This refers to a persons ability to truly be aware of their physical body. In grounding you engage your senses often focusing on a specific object or body part. This allows the person to have peace of mind and physically calm the nervous system.
2. Boundary development
When you focus on the present moment it makes drawing boundaries far more clear. When you are aware of yourself and your needs you can know when subtle changes occur. As various issues arise developing a calm response allows you to feel safe in your decision making.
When you process large emotions or sensations, developing awareness of these feelings and managing them is the goal. Having the intent and/or the follow through to effectively respond to issues is helpful in maintaining a balanced mental state.
4. Movement and process
Activities involved with physical movement are crucial to somatic therapy. Because this therapy focuses on the mind, body and spirit, activities like dance can lead to huge emotional breakthroughs.
This refers to the process of tension sequentially moving through and eventually out of the body often in the form of tears.
7. Titration - This process involves experiencing small amounts of distress with the greater goal of relieving pain. It works like traditional conditioning for behavioral changes. Basically, if you have a stimulus that causes a problem, for example, a past trauma that causes pain, one way to go about resolving this is by exposing yourself to it so much that it no longer affects you. Sometimes this technique is called flooding. If you are seeing a professional and participating in somatic therapy they may use tools like a heart rate monitor to physically measure and track your responses over time. This part of somatic therapy can be incredibly helpful in seeing what things are working and how effectively.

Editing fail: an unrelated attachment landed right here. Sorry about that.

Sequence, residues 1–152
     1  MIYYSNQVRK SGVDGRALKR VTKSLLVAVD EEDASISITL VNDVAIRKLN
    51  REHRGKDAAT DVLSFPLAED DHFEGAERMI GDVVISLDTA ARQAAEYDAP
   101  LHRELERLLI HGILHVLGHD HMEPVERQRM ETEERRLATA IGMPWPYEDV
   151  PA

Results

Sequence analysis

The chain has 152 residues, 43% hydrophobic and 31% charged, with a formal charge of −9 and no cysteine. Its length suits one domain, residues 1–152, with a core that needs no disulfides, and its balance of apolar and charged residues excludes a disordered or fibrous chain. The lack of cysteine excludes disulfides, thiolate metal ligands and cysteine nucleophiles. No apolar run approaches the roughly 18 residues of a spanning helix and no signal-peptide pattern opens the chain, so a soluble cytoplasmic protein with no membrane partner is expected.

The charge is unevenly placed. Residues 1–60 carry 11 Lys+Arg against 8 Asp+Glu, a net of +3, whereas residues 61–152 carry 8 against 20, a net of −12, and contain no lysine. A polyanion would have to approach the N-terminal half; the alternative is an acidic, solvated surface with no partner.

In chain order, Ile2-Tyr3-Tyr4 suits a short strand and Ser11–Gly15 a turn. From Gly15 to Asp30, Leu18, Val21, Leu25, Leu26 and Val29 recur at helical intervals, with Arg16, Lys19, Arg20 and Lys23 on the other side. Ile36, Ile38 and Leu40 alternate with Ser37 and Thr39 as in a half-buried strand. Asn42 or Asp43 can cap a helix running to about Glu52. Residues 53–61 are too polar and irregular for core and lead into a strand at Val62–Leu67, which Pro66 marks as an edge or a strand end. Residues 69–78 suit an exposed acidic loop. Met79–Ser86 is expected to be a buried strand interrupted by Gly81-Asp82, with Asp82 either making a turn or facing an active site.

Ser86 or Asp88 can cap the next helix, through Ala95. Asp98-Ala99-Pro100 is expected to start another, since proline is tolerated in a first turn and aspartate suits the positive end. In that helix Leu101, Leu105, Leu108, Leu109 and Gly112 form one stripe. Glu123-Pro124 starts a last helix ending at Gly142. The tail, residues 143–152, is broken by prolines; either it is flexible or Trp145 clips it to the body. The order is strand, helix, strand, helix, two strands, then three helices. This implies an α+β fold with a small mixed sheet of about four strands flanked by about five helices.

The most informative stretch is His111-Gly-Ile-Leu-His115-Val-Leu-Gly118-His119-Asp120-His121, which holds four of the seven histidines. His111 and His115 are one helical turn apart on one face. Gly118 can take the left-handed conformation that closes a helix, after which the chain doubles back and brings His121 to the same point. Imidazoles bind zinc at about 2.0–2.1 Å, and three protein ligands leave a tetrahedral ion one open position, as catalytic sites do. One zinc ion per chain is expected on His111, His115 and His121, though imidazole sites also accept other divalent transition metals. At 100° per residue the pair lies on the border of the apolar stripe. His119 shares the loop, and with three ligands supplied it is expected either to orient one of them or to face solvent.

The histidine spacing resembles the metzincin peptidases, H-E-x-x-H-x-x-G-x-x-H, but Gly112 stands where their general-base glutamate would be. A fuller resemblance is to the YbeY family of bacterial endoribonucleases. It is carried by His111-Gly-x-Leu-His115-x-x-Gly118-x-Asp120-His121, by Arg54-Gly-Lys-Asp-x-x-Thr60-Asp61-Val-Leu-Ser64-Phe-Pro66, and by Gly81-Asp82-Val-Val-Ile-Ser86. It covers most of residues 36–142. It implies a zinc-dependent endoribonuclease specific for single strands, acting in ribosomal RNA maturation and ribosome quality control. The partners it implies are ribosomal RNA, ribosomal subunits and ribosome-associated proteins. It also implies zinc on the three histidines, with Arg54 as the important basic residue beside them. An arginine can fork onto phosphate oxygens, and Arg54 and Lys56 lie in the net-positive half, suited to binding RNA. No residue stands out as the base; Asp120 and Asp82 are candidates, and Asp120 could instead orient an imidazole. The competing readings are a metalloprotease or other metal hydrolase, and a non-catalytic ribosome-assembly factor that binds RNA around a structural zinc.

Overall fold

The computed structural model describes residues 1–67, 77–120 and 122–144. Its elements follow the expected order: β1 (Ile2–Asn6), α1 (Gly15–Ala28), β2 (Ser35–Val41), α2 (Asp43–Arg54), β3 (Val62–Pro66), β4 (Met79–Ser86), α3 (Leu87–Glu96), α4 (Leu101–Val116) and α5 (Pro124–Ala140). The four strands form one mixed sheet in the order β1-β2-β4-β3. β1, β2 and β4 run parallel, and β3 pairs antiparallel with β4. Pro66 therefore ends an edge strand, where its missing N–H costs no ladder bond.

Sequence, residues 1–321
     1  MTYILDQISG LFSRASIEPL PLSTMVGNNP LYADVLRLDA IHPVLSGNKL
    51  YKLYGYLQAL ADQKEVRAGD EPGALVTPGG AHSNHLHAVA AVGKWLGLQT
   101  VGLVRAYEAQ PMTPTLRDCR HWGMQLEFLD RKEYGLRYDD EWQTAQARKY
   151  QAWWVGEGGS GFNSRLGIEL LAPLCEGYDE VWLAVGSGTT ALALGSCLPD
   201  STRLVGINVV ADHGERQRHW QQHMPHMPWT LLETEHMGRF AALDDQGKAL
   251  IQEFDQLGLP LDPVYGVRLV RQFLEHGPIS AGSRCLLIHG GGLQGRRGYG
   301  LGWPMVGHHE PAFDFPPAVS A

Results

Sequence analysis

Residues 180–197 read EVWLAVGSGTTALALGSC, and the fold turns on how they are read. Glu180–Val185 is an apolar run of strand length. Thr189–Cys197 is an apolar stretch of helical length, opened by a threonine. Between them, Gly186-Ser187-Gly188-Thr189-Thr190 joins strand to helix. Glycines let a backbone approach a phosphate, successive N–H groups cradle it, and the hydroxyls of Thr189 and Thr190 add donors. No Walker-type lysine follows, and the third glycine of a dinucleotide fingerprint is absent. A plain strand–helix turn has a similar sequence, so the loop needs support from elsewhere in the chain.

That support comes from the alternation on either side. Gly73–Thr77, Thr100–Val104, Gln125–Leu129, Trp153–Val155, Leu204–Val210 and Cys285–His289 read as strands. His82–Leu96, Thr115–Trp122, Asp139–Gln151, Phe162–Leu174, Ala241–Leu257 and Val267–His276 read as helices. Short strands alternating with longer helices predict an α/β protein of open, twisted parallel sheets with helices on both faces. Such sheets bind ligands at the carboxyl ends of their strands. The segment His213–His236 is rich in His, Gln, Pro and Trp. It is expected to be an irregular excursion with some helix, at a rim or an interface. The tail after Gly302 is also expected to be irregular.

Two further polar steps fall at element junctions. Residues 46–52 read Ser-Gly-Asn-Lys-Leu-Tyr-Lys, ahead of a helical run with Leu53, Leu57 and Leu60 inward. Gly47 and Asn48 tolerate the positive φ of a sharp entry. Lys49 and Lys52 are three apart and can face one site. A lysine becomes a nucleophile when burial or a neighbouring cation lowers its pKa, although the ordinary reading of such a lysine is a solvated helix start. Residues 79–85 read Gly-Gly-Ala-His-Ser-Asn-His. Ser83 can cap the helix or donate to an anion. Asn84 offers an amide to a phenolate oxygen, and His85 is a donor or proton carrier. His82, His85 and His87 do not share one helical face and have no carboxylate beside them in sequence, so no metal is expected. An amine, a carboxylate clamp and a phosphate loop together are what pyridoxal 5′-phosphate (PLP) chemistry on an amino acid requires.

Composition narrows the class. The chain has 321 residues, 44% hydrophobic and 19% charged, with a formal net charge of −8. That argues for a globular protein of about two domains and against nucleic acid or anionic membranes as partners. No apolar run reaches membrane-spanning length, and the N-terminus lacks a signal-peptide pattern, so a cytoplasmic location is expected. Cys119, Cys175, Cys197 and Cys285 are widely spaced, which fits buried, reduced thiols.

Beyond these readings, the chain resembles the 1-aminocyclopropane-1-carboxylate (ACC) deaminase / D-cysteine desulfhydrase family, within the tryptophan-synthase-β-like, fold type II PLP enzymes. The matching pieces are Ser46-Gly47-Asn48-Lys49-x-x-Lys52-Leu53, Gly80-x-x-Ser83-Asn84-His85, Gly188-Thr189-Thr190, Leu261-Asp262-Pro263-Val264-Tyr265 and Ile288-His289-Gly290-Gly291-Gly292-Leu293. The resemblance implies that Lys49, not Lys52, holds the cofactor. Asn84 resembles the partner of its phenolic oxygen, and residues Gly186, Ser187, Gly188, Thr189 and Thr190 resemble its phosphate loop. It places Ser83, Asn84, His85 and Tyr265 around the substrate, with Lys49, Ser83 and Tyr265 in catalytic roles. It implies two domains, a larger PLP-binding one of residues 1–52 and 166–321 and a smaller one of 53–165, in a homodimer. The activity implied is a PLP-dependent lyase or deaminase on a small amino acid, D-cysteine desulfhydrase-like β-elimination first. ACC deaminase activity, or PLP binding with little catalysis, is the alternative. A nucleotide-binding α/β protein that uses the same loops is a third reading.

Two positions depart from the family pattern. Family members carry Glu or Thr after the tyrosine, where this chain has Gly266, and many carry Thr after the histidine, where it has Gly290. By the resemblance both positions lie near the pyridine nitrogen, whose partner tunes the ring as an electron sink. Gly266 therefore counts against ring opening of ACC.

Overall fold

If seeing a therapist sounds either uncomfortable or expensive don't worry! There are many techniques you can do at home that might be able to improve both your mental and physical well being. Here are some you can try:
Notice physical comfort
Sit or lay or stand comfortably, close your eyes, breathe, thing about your body, where your body connects to the floor or chair or bed, breathe deeply and slowly. Ask yourself how you feel physically, does anything hurt, what is your temperature, make observations and remain in this head space until you feel like coming out.
Make a woooooo sound
Take a deep breath and exhale while saying woooooo in whatever tone feels right to you. Be in a safe space where you are comfortable being as loud as you want to be. Let it out. Be present.
Recall a kindness
Close your eyes and think of a memory related to kindness, either a time where someone was kind to you or you kind to them. Think about the details of the situation and pay attention to your body, often you will find yourself smiling out of nowhere.
Overall somatic therapy is great. I have practiced it myself. It got me through some not so optimal times. I recommend it and am honored that I got to write this article and if you are reading this I hope you can actually take something that you've learned because, at least for me this knowledge is powerful.
Written by Kiana St. Onge